Rubbing Out a Polyurethane Varnish Finish

Most of our tabletops are finished with polyurethane varnish.  Polyurethane is the toughest, most flexible, least obtrusive, and most durable clear-coating available.  It is resistant to water, alcohol, household chemicals, scratching, chipping, and wear.  But its application is demanding and aggravating.   A flawless surface is elusive.  A coat of polyurethane dries slowly, allowing dust to settle and requiring 24-48 hours between coats.  However, it dries too fast for all the little laps and strokes to flow and level themselves on a top large enough for dining.  So we “rub out” the final coat to make it smooth and flat.

After the final coat dries for 48 hours or more, we wet sand it with water and 400 grit sandpaper.  This removes the high spots, the embedded dust, the laps, etc.  Then we buff with an abrasive pad.

Gary rubbing out a tabletop finish

In the photo below, you can see what we are looking for when buffing.  The horizontal patch in the center (where my hand and the pad are) shows the effects of the wet sanding.  The un-touched glossy varnish is broken up by the duller patches leveled by the wet sanding.  It looks terribly uneven, but the highs to lows (glossy to dull) are only a few ten thousandths apart.  Above and below this patchy strip, you see the result of the buffing.

Wet sanding a tabletop finish

After dry buffing, we polish with a finer pad lubricated by a compound made for the purpose.  We can’t see what we are doing.  We just guess when the sheen is even and all the effects of dry buffing are gone.  These days, after drying and inspecting, we usually don’t have to go back to work over areas that are polished too little.  Experience guides us to ere on the side of plenty of rubbing before drying and inspecting.  Nobody likes to go back and do it again.

Rubbing out a tabletop finish

The final satin surface appeals to the eye and hand.

Final satin tabletop surface

After rubbing out, the wood does not appear to be plastic coated.  Short of educated scrutiny, the finish is indistinguishable from the oil finish on our chairs.

Rubbed out tabletop

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7 Responses to Rubbing Out a Polyurethane Varnish Finish

  1. Mark Augustin says:

    I need help getting two shiny halos out of a lacquered quarter sawn ok panel that I sprayed over with spar urethane. I was applying wood carvings to this beautiful panel when the carving slipped and ruined the finish. I sanded the area smooth then shot it with the spare. I have two areas with very glossy halos I need to soften to the original lacquer satin finish. My wife wants to kill me.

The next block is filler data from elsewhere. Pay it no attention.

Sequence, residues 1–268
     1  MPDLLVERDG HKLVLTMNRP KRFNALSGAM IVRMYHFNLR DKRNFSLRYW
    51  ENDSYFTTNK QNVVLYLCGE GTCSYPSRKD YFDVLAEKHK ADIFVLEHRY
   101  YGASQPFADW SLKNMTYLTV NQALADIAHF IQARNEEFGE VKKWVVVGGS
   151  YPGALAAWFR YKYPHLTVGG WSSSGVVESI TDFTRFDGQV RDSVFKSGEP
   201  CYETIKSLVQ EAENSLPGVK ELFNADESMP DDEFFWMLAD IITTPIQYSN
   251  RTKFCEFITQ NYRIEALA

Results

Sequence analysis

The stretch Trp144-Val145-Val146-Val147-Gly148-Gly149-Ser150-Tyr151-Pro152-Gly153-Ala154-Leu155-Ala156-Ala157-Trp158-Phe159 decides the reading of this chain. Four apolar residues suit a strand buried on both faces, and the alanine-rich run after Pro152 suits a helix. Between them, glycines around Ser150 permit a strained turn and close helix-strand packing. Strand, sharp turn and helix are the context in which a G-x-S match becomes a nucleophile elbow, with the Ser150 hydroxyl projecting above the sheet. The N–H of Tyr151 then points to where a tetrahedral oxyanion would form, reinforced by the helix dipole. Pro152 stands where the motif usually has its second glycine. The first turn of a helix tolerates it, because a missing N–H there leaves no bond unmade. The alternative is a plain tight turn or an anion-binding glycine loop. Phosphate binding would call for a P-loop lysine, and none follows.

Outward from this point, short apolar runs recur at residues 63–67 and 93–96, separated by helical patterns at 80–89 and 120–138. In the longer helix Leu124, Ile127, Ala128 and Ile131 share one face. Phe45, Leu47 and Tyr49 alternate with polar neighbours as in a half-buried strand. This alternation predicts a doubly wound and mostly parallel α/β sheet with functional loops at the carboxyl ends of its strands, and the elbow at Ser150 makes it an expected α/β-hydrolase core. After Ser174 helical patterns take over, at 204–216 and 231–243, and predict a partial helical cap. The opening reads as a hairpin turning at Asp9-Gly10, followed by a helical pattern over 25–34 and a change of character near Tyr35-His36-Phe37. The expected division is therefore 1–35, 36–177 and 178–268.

• James says:

      The fact that the finish is lacquer will make the restoration far simpler than urethane or varnish. The web is full of proper methods to solve this problem. My current favourite teaching site is ‘Mohawk’. Perhaps after the fix your wife will see you as genius instead of the current death treat. Oh now I see this post is extremely dated


  2. James says:

    My hat is off to Gary and his crew for the work. It is a beautiful finish guys.


  3. Daniel Malig says:

    Great Write up! What type of abrasive pad and liquid compound do you use for the wet buffing ‘final’ stage?


  4. I want to find out the same thing as the communion table I made for my church keeps getting small particles in it no matter what I do. It now has many coats of Poly on there so theres room for buffing/rubbing. Looks like they are using 3m scotchbrite pads, looks like purple in the pics, but I would think you should end up with the white, since its the finest. I’m going to email for the compound info. These people make things the way they should be made, with quality and care.


  5. Marlene Price says:

    What do you use for the buffing compound?


  6. Suzanne Pegley says:

    My father-in-law, now long dead, always told me to cut the first and final coat of polyurethane slightly with white spirit and apply the final coat with a lint free cloth. This allowed the first coat to be absorbed easily and the final coat to be very thin and hardly noticeable. He always used the finest wire wool between coats but I have also used the wet and dry sandpaper to good effect.


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